Estate of the artist (sold: 4e Vente, Galerie Georges Petit, Paris, July 2-4, 1919, lot 223)
Durand-Ruel, New York (acquired at the above sale)
Reed Gallery, New York (acquired from the above on January 24, 1921)
James Henry Lockhart, Jr., Rochester
E.V. Thaw & Co., Inc., New York
Mr. and Mrs. John Hay Whitney (acquired from the above on November 25, 1974)
New York, Durand-Ruel Gallery, Exhibition of pastels and drawings by Degas (1834-1917), 1920, no. 71
Saratoga Springs, New York, National Museum of Racing, A Selection of Equestrian Art from the Collection of Mr. and Mrs. JohnHay Whitney, 1989, no. 6
The subject of horse racing first appeared in Degas' work in the 1860s, when he began to attend racing events around France. His interest in contemporary subjects, coupled with the increasing popularity of horse racing in Europe, helped propel the equestrian theme into the forefront his oeuvre. As Ronald Pickvance has noted, “In the 1860s Degas began observing horses for himself, which he could do quite easily during his stays with Henri Valpinçon, whose estate lay close to Haras-le-Pin, one of the foremost horse-breeding establishments in France. Many pencil studies exist, showing how he explored the form of the horse from every conceivable angle. The majority were done quickly, with an exploratory but decisive line; a few were given a more elaborate finish…But he also concentrated his attentions on the jockeys, relentlessly analyzing their bodily tensions in the saddle” (Ronald Pickvance, Degas’ Racing World (exhibition catalogue), Wildenstein and Co., Inc., New York, 1969, n.p.).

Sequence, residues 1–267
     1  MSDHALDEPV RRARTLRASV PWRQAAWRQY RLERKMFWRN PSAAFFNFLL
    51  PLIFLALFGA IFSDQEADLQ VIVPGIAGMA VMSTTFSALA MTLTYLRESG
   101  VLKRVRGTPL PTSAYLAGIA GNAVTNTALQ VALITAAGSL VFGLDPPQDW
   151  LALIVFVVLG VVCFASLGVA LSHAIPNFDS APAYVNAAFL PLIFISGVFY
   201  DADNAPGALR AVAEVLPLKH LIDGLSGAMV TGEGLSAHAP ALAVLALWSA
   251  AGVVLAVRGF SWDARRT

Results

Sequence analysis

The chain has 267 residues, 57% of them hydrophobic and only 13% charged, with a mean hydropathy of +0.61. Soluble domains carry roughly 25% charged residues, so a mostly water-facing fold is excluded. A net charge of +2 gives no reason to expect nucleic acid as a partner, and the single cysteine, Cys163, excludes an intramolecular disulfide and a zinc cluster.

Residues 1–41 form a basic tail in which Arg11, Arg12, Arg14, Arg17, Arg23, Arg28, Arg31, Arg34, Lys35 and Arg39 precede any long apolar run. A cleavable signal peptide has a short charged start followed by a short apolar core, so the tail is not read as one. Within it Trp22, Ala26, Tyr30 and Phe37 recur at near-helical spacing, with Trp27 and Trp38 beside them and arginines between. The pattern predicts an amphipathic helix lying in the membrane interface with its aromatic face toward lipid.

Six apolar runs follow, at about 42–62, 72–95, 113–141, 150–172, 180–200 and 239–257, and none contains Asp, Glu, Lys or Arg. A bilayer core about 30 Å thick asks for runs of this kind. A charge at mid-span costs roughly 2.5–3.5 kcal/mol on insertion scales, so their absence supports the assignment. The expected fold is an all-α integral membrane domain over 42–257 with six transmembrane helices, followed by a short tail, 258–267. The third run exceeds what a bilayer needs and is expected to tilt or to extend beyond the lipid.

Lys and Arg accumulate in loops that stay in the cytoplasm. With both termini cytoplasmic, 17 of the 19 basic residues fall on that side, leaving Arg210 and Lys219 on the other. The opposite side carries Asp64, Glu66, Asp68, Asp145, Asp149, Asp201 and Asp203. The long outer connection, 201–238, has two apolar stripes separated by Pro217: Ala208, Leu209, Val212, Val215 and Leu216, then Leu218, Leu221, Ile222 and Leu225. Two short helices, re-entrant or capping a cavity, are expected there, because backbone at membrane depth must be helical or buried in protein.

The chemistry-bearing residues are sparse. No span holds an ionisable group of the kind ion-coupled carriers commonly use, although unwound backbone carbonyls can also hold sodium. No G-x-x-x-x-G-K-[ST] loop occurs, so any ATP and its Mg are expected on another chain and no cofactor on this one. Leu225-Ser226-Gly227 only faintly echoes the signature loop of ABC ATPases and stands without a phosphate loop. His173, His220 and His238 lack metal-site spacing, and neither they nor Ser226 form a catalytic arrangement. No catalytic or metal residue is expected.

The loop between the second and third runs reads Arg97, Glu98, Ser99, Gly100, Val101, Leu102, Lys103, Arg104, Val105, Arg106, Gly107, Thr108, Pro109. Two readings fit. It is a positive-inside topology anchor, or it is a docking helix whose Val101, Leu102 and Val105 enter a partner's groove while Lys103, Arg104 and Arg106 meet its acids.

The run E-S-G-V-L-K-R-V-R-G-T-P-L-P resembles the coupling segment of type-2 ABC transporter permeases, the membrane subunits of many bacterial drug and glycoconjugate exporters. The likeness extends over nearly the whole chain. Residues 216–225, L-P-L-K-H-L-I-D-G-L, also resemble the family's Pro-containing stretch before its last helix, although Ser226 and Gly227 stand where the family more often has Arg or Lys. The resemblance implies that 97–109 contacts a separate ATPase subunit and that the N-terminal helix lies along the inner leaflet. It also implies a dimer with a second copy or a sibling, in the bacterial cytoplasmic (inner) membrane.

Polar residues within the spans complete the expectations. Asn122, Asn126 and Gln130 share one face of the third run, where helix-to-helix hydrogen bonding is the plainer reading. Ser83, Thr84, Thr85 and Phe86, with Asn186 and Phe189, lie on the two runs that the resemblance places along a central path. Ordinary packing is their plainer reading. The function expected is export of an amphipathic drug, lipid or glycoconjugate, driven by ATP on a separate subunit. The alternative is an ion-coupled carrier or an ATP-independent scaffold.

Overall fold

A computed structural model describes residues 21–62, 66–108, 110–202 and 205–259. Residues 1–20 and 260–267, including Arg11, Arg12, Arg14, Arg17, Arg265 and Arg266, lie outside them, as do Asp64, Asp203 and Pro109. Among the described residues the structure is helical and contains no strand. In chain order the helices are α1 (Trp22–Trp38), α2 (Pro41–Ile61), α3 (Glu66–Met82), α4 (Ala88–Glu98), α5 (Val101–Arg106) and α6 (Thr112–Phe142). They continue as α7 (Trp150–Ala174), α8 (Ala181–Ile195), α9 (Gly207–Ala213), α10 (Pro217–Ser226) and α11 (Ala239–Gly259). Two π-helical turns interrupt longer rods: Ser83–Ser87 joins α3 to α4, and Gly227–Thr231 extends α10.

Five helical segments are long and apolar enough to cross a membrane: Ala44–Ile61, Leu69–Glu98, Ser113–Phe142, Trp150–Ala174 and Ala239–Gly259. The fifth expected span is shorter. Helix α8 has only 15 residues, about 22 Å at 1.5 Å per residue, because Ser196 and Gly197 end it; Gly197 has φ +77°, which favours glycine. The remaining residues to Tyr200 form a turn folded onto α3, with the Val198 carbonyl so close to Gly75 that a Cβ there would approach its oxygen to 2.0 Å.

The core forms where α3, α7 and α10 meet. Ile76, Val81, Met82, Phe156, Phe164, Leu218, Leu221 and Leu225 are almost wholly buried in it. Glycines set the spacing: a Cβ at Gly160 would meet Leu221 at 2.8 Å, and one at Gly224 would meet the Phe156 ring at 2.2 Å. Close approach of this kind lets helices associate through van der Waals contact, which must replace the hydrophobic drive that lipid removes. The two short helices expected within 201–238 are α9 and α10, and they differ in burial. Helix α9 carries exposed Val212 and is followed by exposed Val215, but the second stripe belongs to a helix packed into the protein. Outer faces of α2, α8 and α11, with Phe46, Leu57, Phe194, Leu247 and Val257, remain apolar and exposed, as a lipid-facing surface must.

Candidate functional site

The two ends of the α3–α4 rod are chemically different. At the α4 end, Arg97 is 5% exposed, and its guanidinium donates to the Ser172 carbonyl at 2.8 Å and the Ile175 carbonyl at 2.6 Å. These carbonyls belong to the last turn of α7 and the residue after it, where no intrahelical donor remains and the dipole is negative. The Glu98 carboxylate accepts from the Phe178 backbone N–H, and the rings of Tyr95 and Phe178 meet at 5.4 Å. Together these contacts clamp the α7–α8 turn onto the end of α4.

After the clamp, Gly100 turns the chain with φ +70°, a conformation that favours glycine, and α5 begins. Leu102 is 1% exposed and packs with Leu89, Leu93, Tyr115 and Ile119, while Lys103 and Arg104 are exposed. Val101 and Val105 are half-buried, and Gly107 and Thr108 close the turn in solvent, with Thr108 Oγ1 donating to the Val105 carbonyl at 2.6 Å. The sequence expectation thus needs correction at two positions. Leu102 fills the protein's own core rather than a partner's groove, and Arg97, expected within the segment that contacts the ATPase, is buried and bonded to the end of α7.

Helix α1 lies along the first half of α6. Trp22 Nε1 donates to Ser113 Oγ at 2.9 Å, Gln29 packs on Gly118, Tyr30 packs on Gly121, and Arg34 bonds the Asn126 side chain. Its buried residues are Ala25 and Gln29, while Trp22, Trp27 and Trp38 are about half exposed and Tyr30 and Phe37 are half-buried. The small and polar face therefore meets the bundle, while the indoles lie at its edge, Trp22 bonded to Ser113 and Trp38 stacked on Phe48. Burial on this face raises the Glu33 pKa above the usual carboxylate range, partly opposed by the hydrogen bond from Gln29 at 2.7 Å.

The equestrian theme remained one of Degas' primary interest for the next thirty years, although it waned briefly in the 1870s. Many scholars credit the work of E.J. Muybridge, whose photos were first reproduced in 1881 in Le Globe, as the reason for Degas’ return in earnest to the subject during the 1880s. Muybridge's photos, which were later published in full in the book Animal Locomotion from 1887, showed horses in motion and demonstrated that the animal’s front and hind legs were never extended at the same time during a gallop. These revelations influenced some of Degas’ later work, particularly his sculpture. Equestrian compositions eventually took their place among the most famous and popular subjects of his career, superceded only by his images of dancers.
Cheval de Selle reveals Degas' level of confidence with his subject and an advanced understanding of the horse’s musculature. While the present work is undated, the influence of Muybridge’s photos is evident; Degas’ carefully composed lines invest the horse with a sense of strength and energy and reflect Degas' keen observation of his subjects. The horse strides boldly towards the viewer, his head cocked to one side, one eye visible, nostrils slightly flaring. While the horse dominates the composition with its strong presence, the faint outlines of a rider’s legs is discernable. Degas is known to have revisited his drawings for use in connection with other compositions, and he repeated this rider's pose in later works.
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